In contrast, credit unions have no such history of intentional discrimination. As a matter of fact, credit unions were created to counteract the discriminatory practices of banks, and today, more than half of the federally chartered credit unions in the country are low-income institutions serving an area in which “a majority of its membership (50% + one member) qualifies as Low-Income Members.”

I also find it odd that the banks now whole-heartedly support the CRA even as they take steps to make it as difficult as possible for credit unions to serve communities in need of resources. For example, New York State has for two decades encouraged banks to work with poor communities to apply for the creation of Banking Development Districts. The basic idea is that in return for committing financial resources to areas in need of banking services, the banks receive incentives including low interest public deposits. Despite the fact that the banking industry is so concerned about the needs of low income communities, it has steadfastly opposed extending the program to credit unions. Fortunately, this year, the legislature passed the bill and we are awaiting action by the Governor. Perhaps given the new-found commitment on the part of the banking industry to community investment, they are actually supporting credit unions, and I just haven’t seen their memo in support.

At the end of the day, the banks latest love affair with the CRA is so transparently cynical that it won’t gain the traction it needs to become a serious threat to credit unions based solely on bank lobbying efforts. As I said before and will say again, the real threat to credit unions comes not from legislators influenced by the banking lobby, but from the more liberal wing of the Democratic Party, which has shown signs of becoming impatient with the efforts made by the credit union industry. Their concerns are not cynical, and deserve to be addressed on their merits. Credit unions don’t need CRA to be coerced into doing the right thing, but there isn’t a credit union in the country that shouldn’t be able to explain to its senator or congressperson how it uses its tax exemption to serve members in general and persons of modest means in particular.

December 6, 2019 at 9:43 am 1 comment

Warren Wants To Apply CRA To Non-Low Income CU’s

Image result for elizabeth warrenSenator Elizabeth Warren yesterday introduced legislation that would apply the Community Reinvestment Act to all federal credit unions other than those which have been certified as low-income credit unions. I’m underlining the last sentence because the distinction is one that is being lost in the headlines this morning. There are several different ways in which this news should be analyzed.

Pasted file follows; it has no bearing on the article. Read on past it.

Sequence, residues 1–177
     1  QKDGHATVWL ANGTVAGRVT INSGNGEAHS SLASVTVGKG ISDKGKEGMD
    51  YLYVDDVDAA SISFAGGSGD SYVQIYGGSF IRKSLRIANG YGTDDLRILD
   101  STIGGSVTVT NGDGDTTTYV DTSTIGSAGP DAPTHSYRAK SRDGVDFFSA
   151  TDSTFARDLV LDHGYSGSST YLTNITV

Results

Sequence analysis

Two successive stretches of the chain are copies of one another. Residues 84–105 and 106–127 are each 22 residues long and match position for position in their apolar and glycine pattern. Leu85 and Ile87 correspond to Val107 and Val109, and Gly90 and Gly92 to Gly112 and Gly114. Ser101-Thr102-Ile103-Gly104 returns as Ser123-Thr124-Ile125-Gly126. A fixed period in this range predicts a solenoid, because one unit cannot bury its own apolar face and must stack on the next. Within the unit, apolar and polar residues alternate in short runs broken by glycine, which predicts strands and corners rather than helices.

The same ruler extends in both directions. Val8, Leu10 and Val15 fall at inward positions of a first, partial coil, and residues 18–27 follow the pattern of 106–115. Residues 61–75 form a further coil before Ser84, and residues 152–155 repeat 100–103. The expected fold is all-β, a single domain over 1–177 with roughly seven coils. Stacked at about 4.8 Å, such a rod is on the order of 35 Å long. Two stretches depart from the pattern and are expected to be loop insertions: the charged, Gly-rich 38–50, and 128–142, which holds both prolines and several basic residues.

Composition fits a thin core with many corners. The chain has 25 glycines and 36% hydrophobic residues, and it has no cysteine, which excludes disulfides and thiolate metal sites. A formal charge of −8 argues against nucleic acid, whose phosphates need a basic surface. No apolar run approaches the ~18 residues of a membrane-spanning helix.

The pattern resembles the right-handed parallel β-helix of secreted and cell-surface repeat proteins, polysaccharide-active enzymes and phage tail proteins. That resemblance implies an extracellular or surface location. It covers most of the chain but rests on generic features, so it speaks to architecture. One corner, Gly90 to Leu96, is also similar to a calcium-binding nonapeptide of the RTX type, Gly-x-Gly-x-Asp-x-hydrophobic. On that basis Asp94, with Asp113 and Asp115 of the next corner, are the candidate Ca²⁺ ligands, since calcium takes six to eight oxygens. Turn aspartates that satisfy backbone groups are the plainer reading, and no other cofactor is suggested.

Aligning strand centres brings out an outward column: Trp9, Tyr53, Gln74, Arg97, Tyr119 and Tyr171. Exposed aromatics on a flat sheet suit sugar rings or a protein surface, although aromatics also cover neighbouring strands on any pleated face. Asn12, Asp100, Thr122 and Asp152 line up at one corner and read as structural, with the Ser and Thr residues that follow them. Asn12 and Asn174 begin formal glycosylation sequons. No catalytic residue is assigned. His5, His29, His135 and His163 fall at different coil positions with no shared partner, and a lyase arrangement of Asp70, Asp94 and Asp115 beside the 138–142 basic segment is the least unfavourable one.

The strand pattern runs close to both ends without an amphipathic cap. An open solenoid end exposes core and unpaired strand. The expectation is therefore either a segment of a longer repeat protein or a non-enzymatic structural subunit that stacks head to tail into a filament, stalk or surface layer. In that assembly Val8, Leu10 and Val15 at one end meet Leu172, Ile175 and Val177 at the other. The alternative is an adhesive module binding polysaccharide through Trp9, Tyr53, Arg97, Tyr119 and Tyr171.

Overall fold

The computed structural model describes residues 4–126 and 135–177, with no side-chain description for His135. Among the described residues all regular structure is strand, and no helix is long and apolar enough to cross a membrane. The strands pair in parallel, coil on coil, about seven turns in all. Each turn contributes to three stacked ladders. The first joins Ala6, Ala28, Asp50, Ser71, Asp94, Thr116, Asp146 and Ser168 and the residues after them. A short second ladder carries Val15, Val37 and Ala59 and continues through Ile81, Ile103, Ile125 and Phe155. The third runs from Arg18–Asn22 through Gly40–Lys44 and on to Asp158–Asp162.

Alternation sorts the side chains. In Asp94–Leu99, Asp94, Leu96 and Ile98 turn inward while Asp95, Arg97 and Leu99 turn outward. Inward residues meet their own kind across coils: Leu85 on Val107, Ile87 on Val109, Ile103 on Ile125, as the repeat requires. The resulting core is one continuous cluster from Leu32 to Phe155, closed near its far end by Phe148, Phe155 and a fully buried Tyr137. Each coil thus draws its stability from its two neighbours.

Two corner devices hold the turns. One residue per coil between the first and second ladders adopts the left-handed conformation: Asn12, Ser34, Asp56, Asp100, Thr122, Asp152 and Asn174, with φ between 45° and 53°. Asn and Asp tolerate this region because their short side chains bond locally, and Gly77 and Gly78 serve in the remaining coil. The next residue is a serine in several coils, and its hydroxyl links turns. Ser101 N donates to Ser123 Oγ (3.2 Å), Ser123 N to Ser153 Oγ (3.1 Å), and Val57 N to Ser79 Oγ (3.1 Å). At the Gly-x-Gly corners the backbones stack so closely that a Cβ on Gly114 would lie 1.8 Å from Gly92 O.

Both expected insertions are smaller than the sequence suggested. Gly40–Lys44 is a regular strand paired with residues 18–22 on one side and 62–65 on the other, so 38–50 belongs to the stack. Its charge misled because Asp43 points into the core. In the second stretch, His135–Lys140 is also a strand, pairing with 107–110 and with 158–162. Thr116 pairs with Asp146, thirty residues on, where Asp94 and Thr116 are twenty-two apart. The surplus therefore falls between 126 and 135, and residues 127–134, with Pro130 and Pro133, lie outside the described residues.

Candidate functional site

First let’s look at the purely practical issues. The Community Reinvestment Act was passed in 1977 to address a legacy of redlining and other forms of discrimination by a mortgage industry which had a history of discriminating against minorities. The legislation requires “regulated financial institutions” to be evaluated on their “record of meeting the credit needs” of their entire service community “including low-income and moderate income neighbor hoods consistent with the safe and sound operation of the institution.” This measure and its accompanying regulations has been a thorn in the side of banks for decades and financial regulators are widely expected to propose regulations to reform aspects of the law.

Credit unions are of course by definition committed to, among other things, extending credit to persons of “modest means” so it has never made much sense to argue that credit unions should be brought within the statute’s jurisdiction. Nevertheless, the call for just such an approach has been growing not just among bankers but among community housing advocates skeptical that credit unions are living up to their end of the bargain. Besides, they point out in Massachusetts, credit unions have long been subject to CRA like requirements and the sky has not fallen. If a proposal like this every becomes law, credit unions will have to ensure that whatever regulatory framework is put in place account for  field of membership restrictions which, in some circumstances make it more difficult for credit unions to help persons of modest means in the communities in which they are located

On a purely practical level, the legislation creates yet another incentive for credit unions to examine getting their low-income designation. Simply put, there are hundreds of credit unions that qualify for low-income status which don’t get the designation. This is a real head scratcher to me. NCUA has made the process simple for federal credit unions and the DFS has even changed its regulations so that state chartered credit unions are evaluated using the same criteria.

On a political level, at the very least, credit unions should view this as a wakeup call. The industry is quick to pounce on even the hint of a suggestion that some obscure legislator may possibly introduce legislation suggesting that credit unions be taxed. At the same time as I have argued that the industry has been tone-deaf in failing to aggressively act to the growing disenchantment coming from the left flank of the movement. Increasingly, the Elizabeth Warren’s of the world feel that credit unions, at least credit unions other than the CDFI’s, have lost their way and are increasingly indistinguishable from banks when it comes to helping people of modest means.

I believe there are answers to these criticisms and there are actions credit unions can take to demonstrate why they shouldn’t be lumped in with banks when it comes to helping people climb the economic ladder. But when a person very likely to be a major competitor in the upcoming presidential democratic primary, a primary which promises to feature some of the most progressive candidates this side of Eugene Debs, concludes it is politically prudent to implicitly criticize credit unions the industry has to reexamine the message it is sending out to the American public and quickly.

September 26, 2018 at 9:09 am Leave a comment


Authored By:

Henry Meier, Esq., Senior Vice President, General Counsel, New York Credit Union Association.

The views Henry expresses are Henry’s alone and do not necessarily reflect the views of the Association. In addition, although Henry strives to give his readers useful and accurate information on a broad range of subjects, many of which involve legal disputes, his views are not a substitute for legal advise from retained counsel.